Professor Richard Faull, Auckland University
How researching Huntington’s Disease is also helping us to grasp the incredible scale of complexity of the human brain.
Next, I speak with Professor Richard Faull who set up this Brain Research Centre at Auckland University to find out how researching Huntington's disease is also helping us to grasp the incredible scale of complexity of the human brain.
Richard - So, Huntington's disease was certainly thought to be a simple disease (c) [[User:Nevit" alt="Crystal mind" />because it was caused by one gene and why there has been so much attention on this gene scientifically and on this disease, was a simple idea. If we could solve this disease by working out what this one gene defect caused, then we could solve diseases like Alzheimer's, Parkinson's, and motor neuron disease which are multiple gene diseases. Well, it just so happens that we now know that this single-gene disease, Huntington's disease is a very complicated disease because it actually causes dysregulation and upset of at least a quarter of all the genes.
We have 45,000 genes in each cell and depending on what part of the brain it is, will upset different combinations of these other genes you see. That's why you get all the different symptoms. And so, genetics is a very complex science now. We thought it was a simple science when I was at school and that this gene would do just one thing. It doesn’t. The gene makes a protein, that protein interacts with other genes, and causes them to change their function or change their pattern of protein production. So, there is a sort of an effect which spreads like wild fire in variable ways. And the variation is affected by the environment. And so, we know that people in different environments, even with the same gene will result in different patterns of brain degeneration symptoms. And Huntington's disease has taught us the fundamental principles that the human brain is more complex than what we ever, ever imagined.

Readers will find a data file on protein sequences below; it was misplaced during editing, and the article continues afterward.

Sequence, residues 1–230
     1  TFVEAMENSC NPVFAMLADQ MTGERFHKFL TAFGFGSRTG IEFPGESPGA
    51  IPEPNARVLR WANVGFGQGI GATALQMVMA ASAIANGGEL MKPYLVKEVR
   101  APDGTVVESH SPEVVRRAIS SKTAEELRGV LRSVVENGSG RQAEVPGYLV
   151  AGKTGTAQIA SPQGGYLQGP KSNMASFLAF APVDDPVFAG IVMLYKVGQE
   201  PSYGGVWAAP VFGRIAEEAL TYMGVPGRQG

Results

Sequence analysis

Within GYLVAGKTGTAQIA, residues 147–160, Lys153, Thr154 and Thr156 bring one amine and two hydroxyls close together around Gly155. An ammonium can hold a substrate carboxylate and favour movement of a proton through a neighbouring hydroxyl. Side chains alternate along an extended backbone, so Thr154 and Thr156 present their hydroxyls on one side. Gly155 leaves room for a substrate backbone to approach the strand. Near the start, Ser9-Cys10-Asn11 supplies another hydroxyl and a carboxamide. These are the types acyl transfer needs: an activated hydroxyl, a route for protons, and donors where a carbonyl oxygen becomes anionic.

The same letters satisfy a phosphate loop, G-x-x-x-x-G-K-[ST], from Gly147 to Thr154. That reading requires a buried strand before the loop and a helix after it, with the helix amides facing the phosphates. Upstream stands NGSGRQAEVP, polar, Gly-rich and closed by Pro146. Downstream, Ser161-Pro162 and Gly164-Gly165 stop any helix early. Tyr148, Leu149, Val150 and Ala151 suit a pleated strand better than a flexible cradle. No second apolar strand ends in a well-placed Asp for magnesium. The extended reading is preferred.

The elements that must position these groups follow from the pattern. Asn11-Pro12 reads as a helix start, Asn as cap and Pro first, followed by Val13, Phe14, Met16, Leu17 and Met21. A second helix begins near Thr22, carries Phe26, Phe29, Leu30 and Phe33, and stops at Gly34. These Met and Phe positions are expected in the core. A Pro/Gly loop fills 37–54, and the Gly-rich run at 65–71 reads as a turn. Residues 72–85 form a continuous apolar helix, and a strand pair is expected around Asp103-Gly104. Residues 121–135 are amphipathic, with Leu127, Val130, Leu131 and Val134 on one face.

We can't explain a human thought. We can't explain why the sudden burst of genius, and we’re beginning to unravel it. But it’s almost as if we climb to the top of Mt. Everest, thinking we’re going to solve this disease and then we see all the Himalayas before us which are even higher. And that's the challenge of doing brain research. it’s going to be several lifetimes of work to unravel a human brain. And this disease has actually led us along that path.
Hannah - Thanks to Richard Faull